Wang Xuemei, prominent Chinese scientist, casts doubt on Heywood death


Reporters surround He Zhengsheng, a lawyer for Neil Heywood's family, as he leaves the Intermediate People's Court in Hefei, Anhui, China, on Aug. 20, 2012.


Peter Parks

Wang Xuemei, a prominent forensic scientist in the Chinese government's top prosecutor's office, has cast doubts on the officially cited cause of Neil Heywood's murder. 

Heywood, a 41-year-old British businessman, was found dead in a hotel room in November 2011. Gu Kailai, the wife of disgraced Communist leader Bo Xilai, was accused of his murder last month and given a suspended death sentence.

Wang has argued in a blog post that there is not adequate evidence to support the official cause Heywood's murder as being by cyanide poisoning, which would have caused Heywood to suffer from "lightning-fast asphyxia, spasms and a heart attack and turned his skin and blood bright red," signs investigators would easily have noticed or that would have surfaced in testimonies, BBC News reported.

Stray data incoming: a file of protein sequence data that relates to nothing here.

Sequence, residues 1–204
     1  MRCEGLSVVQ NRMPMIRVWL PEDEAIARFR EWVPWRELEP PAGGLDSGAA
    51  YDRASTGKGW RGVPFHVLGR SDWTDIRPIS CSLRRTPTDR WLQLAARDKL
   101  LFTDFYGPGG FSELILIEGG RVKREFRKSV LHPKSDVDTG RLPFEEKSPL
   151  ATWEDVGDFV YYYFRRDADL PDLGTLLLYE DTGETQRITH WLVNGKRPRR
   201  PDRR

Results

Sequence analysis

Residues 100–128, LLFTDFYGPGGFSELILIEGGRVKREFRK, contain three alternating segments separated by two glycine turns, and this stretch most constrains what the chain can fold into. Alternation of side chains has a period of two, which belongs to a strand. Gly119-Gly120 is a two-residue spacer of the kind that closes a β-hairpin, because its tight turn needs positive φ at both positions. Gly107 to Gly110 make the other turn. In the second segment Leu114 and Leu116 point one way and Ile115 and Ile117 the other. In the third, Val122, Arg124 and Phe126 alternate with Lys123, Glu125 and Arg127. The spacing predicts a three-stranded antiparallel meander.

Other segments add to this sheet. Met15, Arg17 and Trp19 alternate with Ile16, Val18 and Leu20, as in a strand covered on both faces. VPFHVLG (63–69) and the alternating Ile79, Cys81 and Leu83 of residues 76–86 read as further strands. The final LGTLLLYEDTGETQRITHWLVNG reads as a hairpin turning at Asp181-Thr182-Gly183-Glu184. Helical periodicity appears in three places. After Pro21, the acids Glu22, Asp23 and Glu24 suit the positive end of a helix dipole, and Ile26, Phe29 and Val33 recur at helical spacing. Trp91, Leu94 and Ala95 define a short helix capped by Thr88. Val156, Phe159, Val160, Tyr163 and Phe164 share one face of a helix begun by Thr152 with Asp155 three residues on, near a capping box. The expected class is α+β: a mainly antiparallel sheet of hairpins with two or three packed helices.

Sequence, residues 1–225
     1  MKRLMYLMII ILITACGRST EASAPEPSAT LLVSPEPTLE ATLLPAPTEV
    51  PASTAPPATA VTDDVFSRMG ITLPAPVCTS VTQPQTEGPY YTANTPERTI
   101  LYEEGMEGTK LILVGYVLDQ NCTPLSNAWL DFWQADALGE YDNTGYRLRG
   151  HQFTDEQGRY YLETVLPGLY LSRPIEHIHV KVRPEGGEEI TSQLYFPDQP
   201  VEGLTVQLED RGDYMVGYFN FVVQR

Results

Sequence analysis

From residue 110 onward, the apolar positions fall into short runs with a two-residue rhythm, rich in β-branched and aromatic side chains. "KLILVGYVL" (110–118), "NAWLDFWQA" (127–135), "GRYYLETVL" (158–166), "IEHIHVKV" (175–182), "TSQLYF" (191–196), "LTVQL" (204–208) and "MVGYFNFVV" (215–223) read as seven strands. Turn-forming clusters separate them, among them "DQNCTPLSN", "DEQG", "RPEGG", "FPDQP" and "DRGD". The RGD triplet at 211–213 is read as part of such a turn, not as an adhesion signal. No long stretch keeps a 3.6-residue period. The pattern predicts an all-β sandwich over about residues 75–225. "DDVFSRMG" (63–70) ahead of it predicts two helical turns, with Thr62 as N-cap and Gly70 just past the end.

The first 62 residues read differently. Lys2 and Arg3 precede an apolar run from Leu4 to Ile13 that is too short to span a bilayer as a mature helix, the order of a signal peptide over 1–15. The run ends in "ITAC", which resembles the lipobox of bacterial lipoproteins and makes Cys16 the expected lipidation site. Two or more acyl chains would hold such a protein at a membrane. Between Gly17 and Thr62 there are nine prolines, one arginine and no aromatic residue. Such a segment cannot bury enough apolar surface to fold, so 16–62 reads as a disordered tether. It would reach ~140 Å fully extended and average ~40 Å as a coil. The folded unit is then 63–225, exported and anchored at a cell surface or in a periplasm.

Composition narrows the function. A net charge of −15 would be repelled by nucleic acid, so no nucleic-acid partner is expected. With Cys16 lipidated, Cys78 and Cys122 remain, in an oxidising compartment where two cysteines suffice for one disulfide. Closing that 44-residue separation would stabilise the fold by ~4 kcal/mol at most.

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Wang also notes that it is standard Chinese forensic procedure to test for cyanide at a murder scene, but such a test was not presented in court.  

“A serious lack of evidence exists,” Wang wrote in her now-deleted post, “to conclude that Neil Heywood died of cyanide poisoning, as well as any supporting scientific basis," China Digital Times reported.  

Wang is the first female forensic scientist to work for China's highest level prosecution body, and has been celebrated in Chinese media, according to the Guardian. While she had no access to the evidence, she believes there are discrepancies in the details that have been released to the public, the Associated Press reported

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The scientist also outlined Gu's mental health problems, including reported paranoia, and argued that she trusted former police chief Wang Lijun, who was sentenced to 15 years in prison for covering up the crime, the Guardian reported

"In other words, Wang Lijun could easily have used Gu to do whatever he wanted to do," Wang wrote. "Who would benefit from Neil Heywood's death?"